This is a generalization that Baylor and the streets that surround it are safer than the rest of Waco. If you choose to run longer distances outside of campus, try to take a companion, whether it is a four-legged friend or a twolegged friend. If neither of these is available to you, make sure to be very aware of your surroundings and always let someone know where you’re going, especially at night. If you are a dusk, late night or dawn runner, make sure to wear reflective clothing. The amount of reflection can be on the smaller side, but there needs to be some part of you that alerts others that you are on the move. Running companies make fancy bracelets that flash as you run, and many popular athletic shirts have strips of reflective material in them. If nothing else, avoid the darker end of the color spectrum and buy clothing with a pop of color. A few more handy tools you might like to add to your running collection are pepper spray and an identity card. These are crucial if you come across any unwelcome guests and for people to help you if you are found hurt. Many stores around town will sell small canisters of pepper spray, and other safety tools and further tips can also be found online. Once these safety practices are under your belt, the world may rest knowing that you are working hard to be a safe runner, and being more equipped will also prevent run-ins with speedy drivers. It’s a win-win situation.

COLUMN

COLUMN

On athletes and activism

Don’t be a book snob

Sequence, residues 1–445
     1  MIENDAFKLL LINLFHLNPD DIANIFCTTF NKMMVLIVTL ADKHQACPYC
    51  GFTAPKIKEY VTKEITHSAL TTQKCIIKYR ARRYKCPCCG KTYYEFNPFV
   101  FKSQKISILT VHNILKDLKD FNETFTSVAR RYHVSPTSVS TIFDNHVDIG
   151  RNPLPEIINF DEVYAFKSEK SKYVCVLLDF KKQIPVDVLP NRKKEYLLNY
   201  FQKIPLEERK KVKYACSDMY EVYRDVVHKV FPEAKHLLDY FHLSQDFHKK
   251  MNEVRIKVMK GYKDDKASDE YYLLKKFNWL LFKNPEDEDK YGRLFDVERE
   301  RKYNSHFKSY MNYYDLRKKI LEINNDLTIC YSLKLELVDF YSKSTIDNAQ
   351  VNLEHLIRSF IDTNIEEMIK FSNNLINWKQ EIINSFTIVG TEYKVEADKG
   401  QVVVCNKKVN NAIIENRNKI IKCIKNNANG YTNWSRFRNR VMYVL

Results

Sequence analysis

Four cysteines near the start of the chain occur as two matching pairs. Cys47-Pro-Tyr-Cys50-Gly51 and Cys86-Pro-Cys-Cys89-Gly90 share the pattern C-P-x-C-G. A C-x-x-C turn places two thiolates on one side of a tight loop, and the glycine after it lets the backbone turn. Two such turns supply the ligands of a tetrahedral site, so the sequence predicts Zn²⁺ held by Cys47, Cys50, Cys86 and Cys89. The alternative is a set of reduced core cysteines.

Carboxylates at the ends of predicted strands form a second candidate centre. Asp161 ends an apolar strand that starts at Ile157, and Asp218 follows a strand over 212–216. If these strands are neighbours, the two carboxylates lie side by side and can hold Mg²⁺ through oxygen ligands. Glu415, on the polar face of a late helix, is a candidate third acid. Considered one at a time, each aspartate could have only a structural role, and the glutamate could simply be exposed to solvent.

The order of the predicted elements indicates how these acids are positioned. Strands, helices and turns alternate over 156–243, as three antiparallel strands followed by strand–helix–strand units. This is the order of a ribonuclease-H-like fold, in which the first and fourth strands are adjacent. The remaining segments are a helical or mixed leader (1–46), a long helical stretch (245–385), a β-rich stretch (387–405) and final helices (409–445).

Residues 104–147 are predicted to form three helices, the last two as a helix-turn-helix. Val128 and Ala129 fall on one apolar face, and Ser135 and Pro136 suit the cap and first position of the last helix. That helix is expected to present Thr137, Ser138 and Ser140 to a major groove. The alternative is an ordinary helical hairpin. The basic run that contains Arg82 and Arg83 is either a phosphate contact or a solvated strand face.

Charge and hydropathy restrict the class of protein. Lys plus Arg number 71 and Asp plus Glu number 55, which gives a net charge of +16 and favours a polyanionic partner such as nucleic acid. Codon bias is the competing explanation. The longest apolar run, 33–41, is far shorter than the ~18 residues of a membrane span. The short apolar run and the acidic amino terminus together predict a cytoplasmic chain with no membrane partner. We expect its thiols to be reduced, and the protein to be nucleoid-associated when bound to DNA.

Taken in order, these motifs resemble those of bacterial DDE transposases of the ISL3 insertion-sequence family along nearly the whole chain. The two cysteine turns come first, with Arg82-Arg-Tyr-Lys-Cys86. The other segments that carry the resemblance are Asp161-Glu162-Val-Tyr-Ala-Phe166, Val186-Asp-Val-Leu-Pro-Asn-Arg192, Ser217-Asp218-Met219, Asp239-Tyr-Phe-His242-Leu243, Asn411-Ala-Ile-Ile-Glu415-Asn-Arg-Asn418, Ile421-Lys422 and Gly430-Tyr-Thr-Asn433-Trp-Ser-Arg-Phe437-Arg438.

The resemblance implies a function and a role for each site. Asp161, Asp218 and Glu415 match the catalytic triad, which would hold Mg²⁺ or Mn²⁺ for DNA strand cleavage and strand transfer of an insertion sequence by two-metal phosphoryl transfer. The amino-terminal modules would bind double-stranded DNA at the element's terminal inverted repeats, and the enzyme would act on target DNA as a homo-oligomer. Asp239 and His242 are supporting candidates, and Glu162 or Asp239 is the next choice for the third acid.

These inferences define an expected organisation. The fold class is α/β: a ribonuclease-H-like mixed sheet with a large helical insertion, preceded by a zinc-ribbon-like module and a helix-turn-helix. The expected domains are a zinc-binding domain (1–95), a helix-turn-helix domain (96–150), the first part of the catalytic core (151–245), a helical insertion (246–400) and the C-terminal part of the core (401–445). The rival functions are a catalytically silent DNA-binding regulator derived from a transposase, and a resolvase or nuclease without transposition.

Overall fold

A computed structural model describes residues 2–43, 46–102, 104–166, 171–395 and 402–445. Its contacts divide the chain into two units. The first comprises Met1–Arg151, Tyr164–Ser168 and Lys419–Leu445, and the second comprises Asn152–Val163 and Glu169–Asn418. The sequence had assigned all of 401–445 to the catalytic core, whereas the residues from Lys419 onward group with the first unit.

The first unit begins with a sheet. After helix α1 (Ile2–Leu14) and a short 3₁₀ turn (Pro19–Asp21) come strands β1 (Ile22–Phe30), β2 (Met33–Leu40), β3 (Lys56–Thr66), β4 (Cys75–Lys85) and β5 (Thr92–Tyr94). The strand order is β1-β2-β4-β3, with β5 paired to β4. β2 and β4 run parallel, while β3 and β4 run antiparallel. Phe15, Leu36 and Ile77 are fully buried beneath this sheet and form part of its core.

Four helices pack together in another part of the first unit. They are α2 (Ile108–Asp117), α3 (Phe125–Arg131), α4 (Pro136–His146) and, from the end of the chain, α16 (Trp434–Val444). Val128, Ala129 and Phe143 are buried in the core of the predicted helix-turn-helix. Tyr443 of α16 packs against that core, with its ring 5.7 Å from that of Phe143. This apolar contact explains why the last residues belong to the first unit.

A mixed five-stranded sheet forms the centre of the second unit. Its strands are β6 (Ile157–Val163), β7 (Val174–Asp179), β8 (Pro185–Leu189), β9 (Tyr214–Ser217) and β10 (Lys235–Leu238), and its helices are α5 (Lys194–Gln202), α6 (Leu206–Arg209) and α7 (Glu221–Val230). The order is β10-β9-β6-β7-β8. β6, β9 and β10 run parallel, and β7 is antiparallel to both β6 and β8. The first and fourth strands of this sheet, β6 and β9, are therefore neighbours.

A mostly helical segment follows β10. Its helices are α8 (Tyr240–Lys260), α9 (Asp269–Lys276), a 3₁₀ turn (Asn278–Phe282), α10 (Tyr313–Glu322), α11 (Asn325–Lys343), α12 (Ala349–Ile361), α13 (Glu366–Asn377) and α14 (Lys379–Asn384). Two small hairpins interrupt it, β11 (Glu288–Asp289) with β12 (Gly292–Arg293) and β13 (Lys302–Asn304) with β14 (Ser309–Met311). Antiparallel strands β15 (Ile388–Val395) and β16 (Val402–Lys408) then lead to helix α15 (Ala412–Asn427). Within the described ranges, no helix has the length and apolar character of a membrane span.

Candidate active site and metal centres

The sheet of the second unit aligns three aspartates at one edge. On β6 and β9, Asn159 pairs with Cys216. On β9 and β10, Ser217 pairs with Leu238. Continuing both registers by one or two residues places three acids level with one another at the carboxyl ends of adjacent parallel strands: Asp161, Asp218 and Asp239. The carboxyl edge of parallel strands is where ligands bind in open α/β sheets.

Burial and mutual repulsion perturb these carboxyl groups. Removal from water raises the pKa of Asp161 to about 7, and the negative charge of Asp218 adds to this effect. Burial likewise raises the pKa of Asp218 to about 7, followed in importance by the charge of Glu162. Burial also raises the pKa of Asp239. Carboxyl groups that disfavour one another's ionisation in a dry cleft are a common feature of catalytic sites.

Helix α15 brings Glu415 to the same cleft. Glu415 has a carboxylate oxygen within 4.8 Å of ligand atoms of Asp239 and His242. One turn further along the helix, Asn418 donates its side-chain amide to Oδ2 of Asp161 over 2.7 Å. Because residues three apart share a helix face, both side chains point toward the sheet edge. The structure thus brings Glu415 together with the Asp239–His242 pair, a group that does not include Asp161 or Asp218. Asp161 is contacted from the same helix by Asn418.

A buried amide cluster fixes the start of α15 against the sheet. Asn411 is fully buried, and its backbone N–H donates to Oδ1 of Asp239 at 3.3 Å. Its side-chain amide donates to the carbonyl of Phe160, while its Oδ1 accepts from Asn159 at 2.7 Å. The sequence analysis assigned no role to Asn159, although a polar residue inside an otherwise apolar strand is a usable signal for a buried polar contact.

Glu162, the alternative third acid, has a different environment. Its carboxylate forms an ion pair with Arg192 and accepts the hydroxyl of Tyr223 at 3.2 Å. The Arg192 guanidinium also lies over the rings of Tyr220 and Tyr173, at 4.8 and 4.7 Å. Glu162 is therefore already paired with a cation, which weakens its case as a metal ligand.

TALIYAH CLARK Reporter By now, I’m pretty sure you all have heard the news: Colin Kaepernick of the San Francisco 49ers has refused to stand up for the national anthem. The mix of outrage, support and general opinions has been inescapable, and there has been great debate over Kaepernick’s message regarding patriotism, the historical context of the national anthem and what America means to people. This controversy has also sparked another narrative — what role do athletes play in advocating for or fighting against social issues? This question intrigued me and prompted me to look at athletes who have spoken out and what impact their messages have had. Muhammad Ali, one of the greatest boxers to have ever lived. He feared no one and showed that every time he stepped into the ring, but his impact on American culture was much more than just his boxing accomplishments. Ali was a prominent figure during the civil rights movement. Ali’s most notable moment came in 1966 when he refused to fight in the Vietnam War because of the continued injustices toward AfricanAmericans in the U.S. and his religious views on war. Ali’s declaration came with grave consequences as he was stripped of his heavyweight title and was arrested and found guilty of draft evasion, though the decision was later overturned by the Supreme Court. Ali’s anti-war, pro-black rights message sent shockwaves throughout the country, and his stance helped further the civil rights movement. Another pivotal moment in athletics came during the 1968 Olympics when track and field runners Tommie Smith and John Carlos raised their fists while the national anthem was playing to show solidarity with the civil rights movement. The backlash from the gesture was enormous. Smith and Carlos were both banned from the U.S. team and the Olympic Village.